Family law cases are always unique, with different relationships among the spouses and/or parents, as well as the different needs of the children. When spouses are divorcing and do not have children, the case comes down simply to a division of property and assets, as well as whether alimony is appropriate. While many couples agree at the outset to be amicable, inevitably divorce leads to conflict and couples spend time fighting about seemingly unimportant items because their emotions are running high. What these couples often do not realize is that while their emotions are running high, endless fighting also runs up their attorney's bill. Trying to work out as much as possible without an attorney, and trying to compromise in order to get through the process, will go a long way to getting a divorce over quickly and as cheaply as possible.
For divorcing parents with children involved, the above remains true, but with the added emotions of the children and fights over custody and visitation. Here, the children's well-being becomes the focus and both parents would be wise to put them first in order to come up with a reasonable, fair, and quick solution to end the process of divorcing.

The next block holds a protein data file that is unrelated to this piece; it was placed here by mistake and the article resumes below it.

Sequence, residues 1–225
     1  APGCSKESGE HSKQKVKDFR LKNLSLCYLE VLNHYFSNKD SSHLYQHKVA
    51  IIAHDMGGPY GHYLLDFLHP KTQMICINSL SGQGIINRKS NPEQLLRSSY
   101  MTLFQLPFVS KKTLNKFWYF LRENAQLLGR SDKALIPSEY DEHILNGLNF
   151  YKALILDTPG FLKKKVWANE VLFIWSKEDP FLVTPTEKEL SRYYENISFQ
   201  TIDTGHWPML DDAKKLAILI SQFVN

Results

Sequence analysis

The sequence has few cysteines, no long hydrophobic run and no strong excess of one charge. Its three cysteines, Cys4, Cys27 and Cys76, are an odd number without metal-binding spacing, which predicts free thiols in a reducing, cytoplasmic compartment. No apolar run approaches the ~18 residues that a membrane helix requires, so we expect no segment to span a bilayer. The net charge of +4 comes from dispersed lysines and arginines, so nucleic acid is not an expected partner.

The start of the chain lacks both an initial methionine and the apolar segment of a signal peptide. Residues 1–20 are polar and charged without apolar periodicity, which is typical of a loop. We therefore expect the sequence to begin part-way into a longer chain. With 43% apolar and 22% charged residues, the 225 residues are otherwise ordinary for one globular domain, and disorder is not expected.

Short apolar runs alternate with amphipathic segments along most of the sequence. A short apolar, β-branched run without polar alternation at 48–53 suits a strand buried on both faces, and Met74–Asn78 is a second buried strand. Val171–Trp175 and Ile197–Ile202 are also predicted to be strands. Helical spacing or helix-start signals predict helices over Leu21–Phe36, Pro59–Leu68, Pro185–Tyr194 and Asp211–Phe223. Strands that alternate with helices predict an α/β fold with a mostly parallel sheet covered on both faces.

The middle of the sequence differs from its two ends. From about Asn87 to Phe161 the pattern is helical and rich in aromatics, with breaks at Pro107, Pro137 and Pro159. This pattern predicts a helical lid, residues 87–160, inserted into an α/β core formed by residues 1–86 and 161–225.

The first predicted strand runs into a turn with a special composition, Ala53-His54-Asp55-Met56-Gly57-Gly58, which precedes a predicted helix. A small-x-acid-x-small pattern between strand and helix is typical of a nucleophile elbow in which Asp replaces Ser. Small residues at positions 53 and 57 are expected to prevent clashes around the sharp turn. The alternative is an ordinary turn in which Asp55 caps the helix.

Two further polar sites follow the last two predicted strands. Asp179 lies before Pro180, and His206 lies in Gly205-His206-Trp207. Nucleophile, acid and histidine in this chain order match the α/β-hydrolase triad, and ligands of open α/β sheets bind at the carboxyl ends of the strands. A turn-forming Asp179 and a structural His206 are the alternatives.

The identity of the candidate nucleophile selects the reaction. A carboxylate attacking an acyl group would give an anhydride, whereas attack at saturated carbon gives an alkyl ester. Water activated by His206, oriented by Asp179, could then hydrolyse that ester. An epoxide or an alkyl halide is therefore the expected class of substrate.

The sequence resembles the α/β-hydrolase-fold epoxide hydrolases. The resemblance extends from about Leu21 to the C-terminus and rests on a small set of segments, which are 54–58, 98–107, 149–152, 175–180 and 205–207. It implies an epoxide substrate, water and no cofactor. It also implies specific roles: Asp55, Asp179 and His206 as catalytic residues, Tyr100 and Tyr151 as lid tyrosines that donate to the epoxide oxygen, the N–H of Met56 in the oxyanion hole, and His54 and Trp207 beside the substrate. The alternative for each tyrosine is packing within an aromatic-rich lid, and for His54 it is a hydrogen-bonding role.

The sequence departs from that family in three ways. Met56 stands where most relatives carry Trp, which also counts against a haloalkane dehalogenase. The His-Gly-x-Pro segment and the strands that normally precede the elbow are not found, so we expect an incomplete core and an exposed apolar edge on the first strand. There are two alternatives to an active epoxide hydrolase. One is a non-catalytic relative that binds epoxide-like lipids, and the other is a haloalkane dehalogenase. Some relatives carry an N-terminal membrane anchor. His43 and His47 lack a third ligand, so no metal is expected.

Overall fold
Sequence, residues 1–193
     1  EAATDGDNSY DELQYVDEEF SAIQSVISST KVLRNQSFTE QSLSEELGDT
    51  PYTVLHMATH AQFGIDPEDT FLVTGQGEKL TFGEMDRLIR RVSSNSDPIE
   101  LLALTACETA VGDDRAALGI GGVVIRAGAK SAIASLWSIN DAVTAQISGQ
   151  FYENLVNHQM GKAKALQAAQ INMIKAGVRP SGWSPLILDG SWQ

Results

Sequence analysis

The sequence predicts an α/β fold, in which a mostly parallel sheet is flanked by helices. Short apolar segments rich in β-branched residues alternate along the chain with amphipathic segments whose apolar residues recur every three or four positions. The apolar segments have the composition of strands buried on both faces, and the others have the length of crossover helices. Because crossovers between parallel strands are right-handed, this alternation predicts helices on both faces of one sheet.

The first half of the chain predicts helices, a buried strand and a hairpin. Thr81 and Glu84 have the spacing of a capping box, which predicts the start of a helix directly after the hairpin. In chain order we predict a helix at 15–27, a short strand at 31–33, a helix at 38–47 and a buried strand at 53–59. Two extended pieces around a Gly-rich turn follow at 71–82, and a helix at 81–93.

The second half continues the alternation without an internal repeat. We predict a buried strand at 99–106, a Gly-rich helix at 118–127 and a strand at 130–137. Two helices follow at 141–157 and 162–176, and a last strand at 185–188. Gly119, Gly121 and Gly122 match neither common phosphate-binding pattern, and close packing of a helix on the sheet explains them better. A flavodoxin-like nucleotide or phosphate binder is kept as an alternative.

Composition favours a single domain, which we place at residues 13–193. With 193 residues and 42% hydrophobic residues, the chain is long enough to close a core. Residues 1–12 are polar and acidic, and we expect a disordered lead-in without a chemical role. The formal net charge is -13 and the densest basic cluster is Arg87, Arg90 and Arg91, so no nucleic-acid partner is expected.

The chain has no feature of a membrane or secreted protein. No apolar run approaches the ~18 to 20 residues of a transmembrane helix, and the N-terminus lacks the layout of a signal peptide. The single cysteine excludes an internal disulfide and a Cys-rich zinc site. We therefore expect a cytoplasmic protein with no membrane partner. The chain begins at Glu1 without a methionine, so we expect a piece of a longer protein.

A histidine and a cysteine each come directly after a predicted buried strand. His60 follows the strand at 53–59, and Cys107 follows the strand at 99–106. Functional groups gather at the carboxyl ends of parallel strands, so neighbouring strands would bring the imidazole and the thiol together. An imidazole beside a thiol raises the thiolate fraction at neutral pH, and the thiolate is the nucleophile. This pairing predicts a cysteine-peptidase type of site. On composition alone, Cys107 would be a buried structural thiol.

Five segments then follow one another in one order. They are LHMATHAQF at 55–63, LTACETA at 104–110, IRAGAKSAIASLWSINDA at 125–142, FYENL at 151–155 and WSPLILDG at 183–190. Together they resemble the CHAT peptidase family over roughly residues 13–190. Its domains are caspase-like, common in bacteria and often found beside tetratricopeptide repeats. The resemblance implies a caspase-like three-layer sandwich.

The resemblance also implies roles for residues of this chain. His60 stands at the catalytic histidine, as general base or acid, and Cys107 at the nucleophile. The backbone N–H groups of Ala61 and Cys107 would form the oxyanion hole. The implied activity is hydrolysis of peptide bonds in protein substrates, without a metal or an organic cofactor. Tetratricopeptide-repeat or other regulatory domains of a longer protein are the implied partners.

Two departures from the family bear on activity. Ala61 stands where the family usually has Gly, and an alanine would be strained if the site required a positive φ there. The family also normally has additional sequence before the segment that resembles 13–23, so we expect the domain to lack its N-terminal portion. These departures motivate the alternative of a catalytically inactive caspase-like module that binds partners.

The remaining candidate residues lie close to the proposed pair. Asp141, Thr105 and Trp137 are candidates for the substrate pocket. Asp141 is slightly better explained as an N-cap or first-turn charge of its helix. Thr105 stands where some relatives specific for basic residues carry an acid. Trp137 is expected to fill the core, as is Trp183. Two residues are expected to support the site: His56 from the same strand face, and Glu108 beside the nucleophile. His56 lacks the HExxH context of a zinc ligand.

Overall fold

For unmarried parents who have split up and wish to have a custody and/or child support order in place, the divorce aspect is nonexistent and the entire focus is again on the well-being of the children. For the attorneys, it generally comes down to financial resources for each parent. The courts require the use of child support guidelines that input the yearly incomes of each parent to decide which owes the other child support and/or medical support. The custody arrangement will also come into play, as the primary physical custodian will receive support from the other parent. If the couple agrees to equal physical care, which does not happen in most cases, then each parent will be responsible for a portion of the child care expenses, but the parent earning more money will end up paying the offset balance to the other parent. This amount will be far less than if the parents do not have joint physical care.
There are many considerations for parents and/or spouses when they are seeking a divorce or child support order, and often these factors are unknown to the parties until they are well into the legal process and already spending money on attorneys. The parties would be wise to meet with an attorney before getting started with the process to understand how it will work and how they can best try to save money and time.